This book is deeply affecting in a way that I wasn't entirely prepared for. The story is very unconventional, following an African woman named Awiti over hundreds of years after she becomes immortal and discovers that she has the power to exact vengeance for all the wrongs wreaked over the centuries on her fellow Africans. Each chapter is from a different point-of-view as the book covers over two hundred years of very sad history. Patrick conveys through Awiti the fact that the enslavement of Af ...more
Shelagh Rice
Feb 13, 2016 rated it really liked it
Let me just say that normally any book that contains the word fantasy in the blurb, I immediately dismiss. This book was recommended by a friend, so I wanted to give it a go, and it was well worth it. It is not fantasy in the normal sense. This book is a chronicle of slavery spanning through the centuries from the 1600's to the present day. It looks at the spiritual idea that hurricanes and storms are revenge for the cruelty and savage treatment of slaves. Each chapter is a separate vignette of ...more
J Beckett
Jul 11, 2015 rated it it was amazing
Written review forthcoming.
J.M. Muller
Mar 08, 2017 rated it it was amazing
This book broke my heart on many levels. I actually had to stop reading it to allow myself to mend. Powerful, tragic, and beautifully composed. A life changing novel.
Jan 17, 2016 rated it it was ok
Shelves: fiction
An interesting concept of a wounded but undying African female spirit endowed with the power to wreck havoc on the white world over centuries through her embodiment of a Yemoja-type goddess force. But instead of fully developing this idea with a coherent story, and missing out on the opportunity to be a nice meditation on the nature of vengeance, the book seemed to me to settle into a pattern of playing a few variations of the same story in different time/place settings repetitiously, exploiting ...more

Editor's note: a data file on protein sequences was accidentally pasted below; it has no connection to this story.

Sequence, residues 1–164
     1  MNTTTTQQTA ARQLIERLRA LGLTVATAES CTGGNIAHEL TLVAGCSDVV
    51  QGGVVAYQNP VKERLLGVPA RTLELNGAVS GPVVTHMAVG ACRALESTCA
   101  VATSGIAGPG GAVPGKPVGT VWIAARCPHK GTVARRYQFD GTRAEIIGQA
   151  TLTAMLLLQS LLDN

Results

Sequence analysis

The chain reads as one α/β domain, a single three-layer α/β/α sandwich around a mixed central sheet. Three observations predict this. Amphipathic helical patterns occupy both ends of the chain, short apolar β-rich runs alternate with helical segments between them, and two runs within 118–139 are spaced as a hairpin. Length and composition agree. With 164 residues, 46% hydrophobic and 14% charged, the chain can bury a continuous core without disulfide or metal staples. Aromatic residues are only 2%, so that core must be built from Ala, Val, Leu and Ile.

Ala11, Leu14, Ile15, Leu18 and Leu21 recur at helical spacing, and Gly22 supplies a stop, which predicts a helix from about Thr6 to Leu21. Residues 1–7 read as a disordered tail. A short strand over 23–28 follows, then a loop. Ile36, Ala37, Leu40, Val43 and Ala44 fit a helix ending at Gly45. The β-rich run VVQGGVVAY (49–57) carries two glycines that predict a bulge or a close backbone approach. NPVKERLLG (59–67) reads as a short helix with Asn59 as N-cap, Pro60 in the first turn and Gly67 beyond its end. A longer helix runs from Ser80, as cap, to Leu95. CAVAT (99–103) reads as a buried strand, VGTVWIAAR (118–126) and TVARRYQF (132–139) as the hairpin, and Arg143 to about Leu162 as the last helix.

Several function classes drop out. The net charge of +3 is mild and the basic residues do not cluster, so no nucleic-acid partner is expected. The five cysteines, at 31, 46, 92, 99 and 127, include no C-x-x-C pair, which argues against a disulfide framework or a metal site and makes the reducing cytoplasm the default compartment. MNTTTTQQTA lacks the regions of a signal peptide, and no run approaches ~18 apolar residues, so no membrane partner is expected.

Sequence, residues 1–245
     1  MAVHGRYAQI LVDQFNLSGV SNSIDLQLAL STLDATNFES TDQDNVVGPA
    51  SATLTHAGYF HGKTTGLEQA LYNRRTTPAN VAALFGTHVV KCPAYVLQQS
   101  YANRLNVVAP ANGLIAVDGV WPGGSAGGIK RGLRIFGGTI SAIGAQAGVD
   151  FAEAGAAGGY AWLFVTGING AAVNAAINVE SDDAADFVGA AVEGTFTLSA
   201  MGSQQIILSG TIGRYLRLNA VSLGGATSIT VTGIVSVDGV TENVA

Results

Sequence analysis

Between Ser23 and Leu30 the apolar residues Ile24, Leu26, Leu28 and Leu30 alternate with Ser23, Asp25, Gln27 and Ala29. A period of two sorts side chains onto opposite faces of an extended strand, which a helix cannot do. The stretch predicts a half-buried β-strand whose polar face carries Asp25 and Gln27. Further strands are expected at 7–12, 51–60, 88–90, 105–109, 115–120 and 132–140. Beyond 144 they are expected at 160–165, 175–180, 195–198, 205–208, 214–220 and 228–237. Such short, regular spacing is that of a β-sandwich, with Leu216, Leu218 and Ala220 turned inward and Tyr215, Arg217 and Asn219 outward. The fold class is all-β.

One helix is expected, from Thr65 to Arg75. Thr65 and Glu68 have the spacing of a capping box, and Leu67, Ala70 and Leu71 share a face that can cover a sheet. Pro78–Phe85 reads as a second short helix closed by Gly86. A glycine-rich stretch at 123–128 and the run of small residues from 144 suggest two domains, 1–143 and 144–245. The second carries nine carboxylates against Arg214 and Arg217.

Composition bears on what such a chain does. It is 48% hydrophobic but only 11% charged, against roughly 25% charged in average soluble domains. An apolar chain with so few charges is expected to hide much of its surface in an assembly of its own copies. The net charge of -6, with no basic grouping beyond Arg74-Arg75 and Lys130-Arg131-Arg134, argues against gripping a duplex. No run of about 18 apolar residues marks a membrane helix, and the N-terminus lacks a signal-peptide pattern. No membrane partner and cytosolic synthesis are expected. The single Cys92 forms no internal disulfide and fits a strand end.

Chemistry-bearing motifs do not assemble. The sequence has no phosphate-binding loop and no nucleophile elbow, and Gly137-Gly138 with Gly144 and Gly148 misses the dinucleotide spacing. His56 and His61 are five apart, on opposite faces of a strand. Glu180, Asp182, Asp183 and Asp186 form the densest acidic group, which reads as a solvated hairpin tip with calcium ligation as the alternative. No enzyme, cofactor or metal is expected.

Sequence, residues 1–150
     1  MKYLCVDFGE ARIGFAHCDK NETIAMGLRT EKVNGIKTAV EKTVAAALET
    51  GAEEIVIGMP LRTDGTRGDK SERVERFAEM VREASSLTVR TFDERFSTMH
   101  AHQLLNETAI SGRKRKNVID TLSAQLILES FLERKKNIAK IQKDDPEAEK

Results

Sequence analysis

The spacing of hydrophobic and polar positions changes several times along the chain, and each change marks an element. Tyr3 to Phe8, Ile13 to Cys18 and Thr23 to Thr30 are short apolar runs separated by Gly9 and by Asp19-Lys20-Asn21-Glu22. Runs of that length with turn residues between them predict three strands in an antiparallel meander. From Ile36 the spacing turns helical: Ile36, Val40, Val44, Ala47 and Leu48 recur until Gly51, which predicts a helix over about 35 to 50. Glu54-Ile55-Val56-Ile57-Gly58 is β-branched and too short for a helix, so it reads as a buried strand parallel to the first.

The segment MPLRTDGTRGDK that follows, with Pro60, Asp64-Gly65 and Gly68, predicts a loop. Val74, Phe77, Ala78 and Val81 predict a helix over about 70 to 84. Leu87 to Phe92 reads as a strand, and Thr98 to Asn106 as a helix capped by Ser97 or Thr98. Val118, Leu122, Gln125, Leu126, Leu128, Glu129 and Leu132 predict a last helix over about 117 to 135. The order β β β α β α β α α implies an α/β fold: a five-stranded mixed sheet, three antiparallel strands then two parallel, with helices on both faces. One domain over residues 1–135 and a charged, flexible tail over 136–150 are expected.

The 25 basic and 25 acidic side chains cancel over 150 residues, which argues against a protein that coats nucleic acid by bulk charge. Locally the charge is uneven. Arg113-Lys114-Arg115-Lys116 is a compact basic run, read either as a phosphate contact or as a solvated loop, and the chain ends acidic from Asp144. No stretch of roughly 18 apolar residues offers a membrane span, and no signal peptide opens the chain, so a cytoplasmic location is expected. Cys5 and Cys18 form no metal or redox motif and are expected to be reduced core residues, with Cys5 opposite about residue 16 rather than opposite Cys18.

Bridgette Simmonds
Apr 14, 2016 rated it it was amazing
The Truth About Awiti was simply phenomenal. It's almost challenging to write a review on such a masterpiece except to just say BUY THE BOOK! and READ THE BOOK!

Author CP Patrick so masterfully blends the horrific accounts of those who suffered during the transatlantic slave trade with fictional characters - both physical and spiritual - who seem so real that I made them be so in my mind while reading. By the time I reached the end of the book, I was reaching for more pages to turn to continue re
Oct 16, 2017 rated it really liked it
This book was amazing. Mini review to come.
McKenzie Eskridge
Jan 09, 2021 rated it it was amazing
This book is historical fantasy at its finest. Awiti is a child born with supernatural powers in an African village at the start of the transatlantic slave trade. When her home is raided by slave catchers, she loses her family and is quickly tricked into a life of immortality. Devastated, Awiti uses her powers to bring destruction and death to particularly painful places—largely in the southern United States— for centuries to come. The more people that get to engage with this powerful collection ...more